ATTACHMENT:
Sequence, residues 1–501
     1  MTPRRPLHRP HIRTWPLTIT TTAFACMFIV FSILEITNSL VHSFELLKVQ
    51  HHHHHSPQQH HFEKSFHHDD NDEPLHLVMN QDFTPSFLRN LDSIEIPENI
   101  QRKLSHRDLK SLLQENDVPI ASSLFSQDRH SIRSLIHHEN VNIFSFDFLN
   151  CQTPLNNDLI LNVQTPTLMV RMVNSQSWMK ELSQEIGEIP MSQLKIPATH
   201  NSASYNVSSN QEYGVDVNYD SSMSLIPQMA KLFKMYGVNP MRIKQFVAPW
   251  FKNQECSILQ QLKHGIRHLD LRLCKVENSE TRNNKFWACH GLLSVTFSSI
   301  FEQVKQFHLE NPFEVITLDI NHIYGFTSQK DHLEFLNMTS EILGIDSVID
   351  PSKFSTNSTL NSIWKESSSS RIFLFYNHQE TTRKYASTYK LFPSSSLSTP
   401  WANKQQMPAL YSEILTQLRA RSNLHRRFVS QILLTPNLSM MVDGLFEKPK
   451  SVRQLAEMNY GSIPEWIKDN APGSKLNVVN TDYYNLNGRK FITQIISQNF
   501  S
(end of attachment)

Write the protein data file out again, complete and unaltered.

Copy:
Sequence, residues 1–501
     1  MTPRRPLHRP HIRTWPLTIT TTAFACMFIV FSILEITNSL VHSFELLKVQ
    51  HHHHHSPQQH HFEKSFHHDD NDEPLHLVMN QDFTPSFLRN LDSIEIPENI
   101  QRKLSHRDLK SLLQENDVPI ASSLFSQDRH SIRSLIHHEN VNIFSFDFLN
   151  CQTPLNNDLI LNVQTPTLMV RMVNSQSWMK ELSQEIGEIP MSQLKIPATH
   201  NSASYNVSSN QEYGVDVNYD SSMSLIPQMA KLFKMYGVNP MRIKQFVAPW
   251  FKNQECSILQ QLKHGIRHLD LRLCKVENSE TRNNKFWACH GLLSVTFSSI
   301  FEQVKQFHLE NPFEVITLDI NHIYGFTSQK DHLEFLNMTS EILGIDSVID
   351  PSKFSTNSTL NSIWKESSSS RIFLFYNHQE TTRKYASTYK LFPSSSLSTP
   401  WANKQQMPAL YSEILTQLRA RSNLHRRFVS QILLTPNLSM MVDGLFEKPK
   451  SVRQLAEMNY GSIPEWIKDN APGSKLNVVN TDYYNLNGRK FITQIISQNF
   501  S